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Abstract

Thermal decomposition kinetics of magnesite were investigated using non-isothermal TG-DSC technique at heating rate (β) of 15, 20, 25, 35, and 40 K min−1. The method combined Friedman equation and Kissinger equation was applied to calculate the E and lgA values. A new multiple rate iso-temperature method was used to determine the magnesite thermal decomposition mechanism function, based on the assumption of a series of mechanism functions. The mechanism corresponding to this value of F(a), which with high correlation coefficient (r-squared value) of linear regression analysis and the slope was equal to −1.000, was selected. And the Malek method was also used to further study the magnesite decomposition kinetics. The research results showed that the decomposition of magnesite was controlled by three-dimension diffusion; mechanism function was the anti-Jander equation, the apparent activation energy (E), and the pre-exponential term (A) were 156.12 kJ mol−1 and 105.61 s−1, respectively. The kinetic equation was
ea
and the calculated results were in accordance with the experiment.
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Abstract

Intermittent fasting (IF) is a dietary strategy that involves alternating periods of abstention from calorie consumption with periods of ad libitum food intake and has been shown to have beneficial effects in many ways. Recent studies have shown that IF attenuates neurodegeneration and improves cognitive decline, enhances functional recovery after stroke as well as attenuates the pathological and clinical features of epilepsy in animal models. Furthermore, IF induced several molecular and cellular adaptations in neurons that overall enhanced cellular stress resistance, synaptic plasticity, and neurogenesis. In this review, the beneficial effects of IF on central neurological disorders are discussed. The information summarised in this review can be used to help contextualise existing research and better guide the development of future IF interventions.

Open access

The present study was to evaluate the survival rate of free and encapsulated Bifidobacterium bifidum BB28 under simulated gastrointestinal conditions and its stability during storage. Results showed that non-microencapsulated Bifidobacterium bifidum BB28 was more susceptible to simulated gastrointestinal conditions than microencapsulated bacteria. Microencapsulated Bifidobacterium BB28 exhibited a lower population reduction than free cells during exposure to simulated gastrointestinal conditions, the viable count of monolayer microcapsules, double layer microcapsules, and triple layer microcapsules decreased by nine magnitudes, four magnitudes, and one magnitude after 2 h, respectively. The enteric test showed that the microorganism cells were released from the monolayer, double layer, and triple layer microcapsules completely in 40 min. Moreover, the optimum storage times of free Bifidobacterium BB28, monolayer microcapsules, double layer microcapsules, and triple layer microcapsules were 21 days, 21 days, 28 days, and more than 35 days in orange juice, pure milk, and nutrition Express (a commercially available milk based drink), and the viable counts were maintained at 1×106 CFU g−1 or more, which means that the double layer and triple layer of microcapsules of B. bifidum BB28 have great potential in food application.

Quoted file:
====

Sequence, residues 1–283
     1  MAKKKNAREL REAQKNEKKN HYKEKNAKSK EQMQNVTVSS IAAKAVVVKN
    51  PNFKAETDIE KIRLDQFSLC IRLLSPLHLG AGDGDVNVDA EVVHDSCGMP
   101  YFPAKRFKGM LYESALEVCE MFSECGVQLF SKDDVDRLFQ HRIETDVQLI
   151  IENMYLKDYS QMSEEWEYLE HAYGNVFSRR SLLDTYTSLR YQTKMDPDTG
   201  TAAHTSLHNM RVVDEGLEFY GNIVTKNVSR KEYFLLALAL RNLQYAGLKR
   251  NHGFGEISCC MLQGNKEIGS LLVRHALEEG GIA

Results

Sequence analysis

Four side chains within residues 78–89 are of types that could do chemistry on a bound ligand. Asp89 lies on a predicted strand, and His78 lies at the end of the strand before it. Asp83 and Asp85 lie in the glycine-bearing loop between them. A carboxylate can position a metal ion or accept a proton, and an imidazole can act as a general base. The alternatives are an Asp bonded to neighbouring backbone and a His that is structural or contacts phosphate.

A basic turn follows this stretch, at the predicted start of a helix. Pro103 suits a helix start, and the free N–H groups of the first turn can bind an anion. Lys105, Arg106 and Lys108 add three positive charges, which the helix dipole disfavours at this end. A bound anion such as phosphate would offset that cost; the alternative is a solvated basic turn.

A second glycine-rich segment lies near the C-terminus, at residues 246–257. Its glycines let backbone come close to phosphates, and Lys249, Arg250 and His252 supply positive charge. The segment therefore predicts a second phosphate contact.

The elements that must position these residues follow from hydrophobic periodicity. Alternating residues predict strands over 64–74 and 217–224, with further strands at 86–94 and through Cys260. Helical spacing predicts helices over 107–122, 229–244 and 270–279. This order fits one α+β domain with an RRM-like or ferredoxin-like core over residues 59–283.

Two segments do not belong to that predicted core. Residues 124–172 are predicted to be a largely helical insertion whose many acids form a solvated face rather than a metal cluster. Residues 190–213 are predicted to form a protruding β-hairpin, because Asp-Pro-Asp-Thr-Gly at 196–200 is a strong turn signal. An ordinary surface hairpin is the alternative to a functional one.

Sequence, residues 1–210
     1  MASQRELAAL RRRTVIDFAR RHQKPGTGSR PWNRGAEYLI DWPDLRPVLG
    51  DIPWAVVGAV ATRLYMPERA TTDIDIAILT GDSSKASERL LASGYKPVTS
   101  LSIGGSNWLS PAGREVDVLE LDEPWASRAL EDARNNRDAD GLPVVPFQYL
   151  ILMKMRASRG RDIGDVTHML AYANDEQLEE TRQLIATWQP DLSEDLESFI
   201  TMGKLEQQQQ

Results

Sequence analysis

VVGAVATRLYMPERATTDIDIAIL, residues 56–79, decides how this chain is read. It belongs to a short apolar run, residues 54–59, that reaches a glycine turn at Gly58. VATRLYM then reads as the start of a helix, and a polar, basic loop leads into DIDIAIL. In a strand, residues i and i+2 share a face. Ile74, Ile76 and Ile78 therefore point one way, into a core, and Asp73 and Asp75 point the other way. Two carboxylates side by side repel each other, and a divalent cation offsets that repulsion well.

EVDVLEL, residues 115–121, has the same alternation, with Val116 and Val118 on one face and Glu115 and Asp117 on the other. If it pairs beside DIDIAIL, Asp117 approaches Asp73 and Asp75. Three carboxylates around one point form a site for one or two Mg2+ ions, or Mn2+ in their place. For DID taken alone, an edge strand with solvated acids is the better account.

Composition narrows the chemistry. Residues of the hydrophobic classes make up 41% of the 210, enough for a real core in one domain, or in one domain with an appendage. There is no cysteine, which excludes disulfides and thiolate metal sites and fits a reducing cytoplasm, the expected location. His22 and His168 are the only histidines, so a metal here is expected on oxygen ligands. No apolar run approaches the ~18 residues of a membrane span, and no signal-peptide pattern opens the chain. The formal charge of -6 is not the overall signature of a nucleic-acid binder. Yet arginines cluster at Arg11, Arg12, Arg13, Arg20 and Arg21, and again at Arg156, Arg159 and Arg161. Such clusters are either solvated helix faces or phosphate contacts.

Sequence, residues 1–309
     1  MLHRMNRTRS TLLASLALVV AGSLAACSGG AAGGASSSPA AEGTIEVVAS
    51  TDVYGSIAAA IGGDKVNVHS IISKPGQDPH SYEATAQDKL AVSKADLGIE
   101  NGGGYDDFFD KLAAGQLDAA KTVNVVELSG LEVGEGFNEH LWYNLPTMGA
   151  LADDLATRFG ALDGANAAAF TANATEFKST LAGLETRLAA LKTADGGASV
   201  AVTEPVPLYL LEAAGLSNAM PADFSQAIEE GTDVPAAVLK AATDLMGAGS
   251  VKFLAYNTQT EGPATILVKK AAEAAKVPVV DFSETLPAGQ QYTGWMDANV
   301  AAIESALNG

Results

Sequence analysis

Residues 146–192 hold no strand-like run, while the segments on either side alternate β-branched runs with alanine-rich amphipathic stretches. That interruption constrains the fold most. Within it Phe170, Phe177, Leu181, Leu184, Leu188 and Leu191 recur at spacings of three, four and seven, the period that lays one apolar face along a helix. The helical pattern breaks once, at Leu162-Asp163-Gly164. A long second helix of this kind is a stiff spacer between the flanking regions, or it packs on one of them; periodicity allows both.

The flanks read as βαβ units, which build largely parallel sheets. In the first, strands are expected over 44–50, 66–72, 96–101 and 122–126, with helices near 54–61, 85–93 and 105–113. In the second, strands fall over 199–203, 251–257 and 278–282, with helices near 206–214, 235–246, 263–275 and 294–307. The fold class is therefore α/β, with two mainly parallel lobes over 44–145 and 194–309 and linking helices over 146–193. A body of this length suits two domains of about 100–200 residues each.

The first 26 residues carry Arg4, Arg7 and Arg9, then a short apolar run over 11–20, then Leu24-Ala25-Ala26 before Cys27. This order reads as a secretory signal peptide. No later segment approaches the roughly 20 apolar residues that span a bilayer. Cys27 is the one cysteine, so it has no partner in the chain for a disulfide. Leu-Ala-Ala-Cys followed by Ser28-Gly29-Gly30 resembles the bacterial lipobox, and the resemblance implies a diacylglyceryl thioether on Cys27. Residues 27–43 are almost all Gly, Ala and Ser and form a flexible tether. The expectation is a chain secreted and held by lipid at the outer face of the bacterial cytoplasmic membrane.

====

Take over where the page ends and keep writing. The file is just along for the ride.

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This paper develops an instrumental analytical approach for detection of fourteen polycyclic aromatic hydrocarbons (PAHs) in edible oil samples using gel permeation chromatography (GPC) and ultra-high performance liquid chromatography (UHPLC) coupled with diode array detector (DAD), and fluorescence detector (FLD). The GPC was used to remove triglycerides from edible oil samples. The extracted samples were then detected using UHPLC—DAD—FLD. In order to obtain good separation and high reproducibility, the UHPLC—DAD—FLD experimental condition was optimized. The PAHs including three groups of isomeric PAHs can be separated completely in 12 min using BEH Shield RP 18 column with a suitable gradient elution program. The mean recoveries were in the range of 73–110% with an acceptable reproducibility (RSD < 10%, n = 3). During real sample analysis, the method can decrease the chance of false positives with both DAD and FLD being used simultaneously. The results indicate that the approach is simple, easy, and acceptably reproducible, thereby showing great potential as a method for detection of fourteen PAHs contained in edible oil samples.

Open access
Acta Alimentaria
Authors:
Y.L. Xu
,
Y.D. Zhang
,
Z.P. Wang
,
W.W. Chen
,
C. Fan
,
J.Q. Xu
,
T. Wang
, and
S. Rong

Abstract

To explore the effect of sesamol on the cognition of APP/PS1 mice, 8-week-old APP/PS1 and wild-type male mice were divided into AD model group, AD + sesamol (50 mg kg−1 bw) group, and Control group. Sesamol was orally administered once a day for 5 months. Morris water maze was used to evaluate the learning and memory ability of mice. The number of synapses in the hippocampal neurons was detected by Golgi staining. Nissl staining was used to observe the changes of Nissl bodies in CA1 and CA3 regions of the hippocampus. Western blotting was used to detect the expression of Aβ, SIRT1, BDNF, and p-CREB/CREB in the hippocampus and cortex. Compared with the model group, sesamol decreased the latency period of APP/PS1 mice (P < 0.05) and increased the total number of neuronal dendritic spines in the hippocampal CA3 region, as well as increased the number of Nissl bodies (P < 0.05). Western blotting results showed that sesamol significantly reduced Aβ protein expression in the hippocampus and cortex, increased SIRT1 expression in the cortex, and increased BDNF expression in the hippocampus (P < 0.05). Sesamol improved the learning and memory abilities of APP/PS1 mice probably through increasing the density of neuronal dendritic spines and upregulating the levels of SIRT1 and BDNF.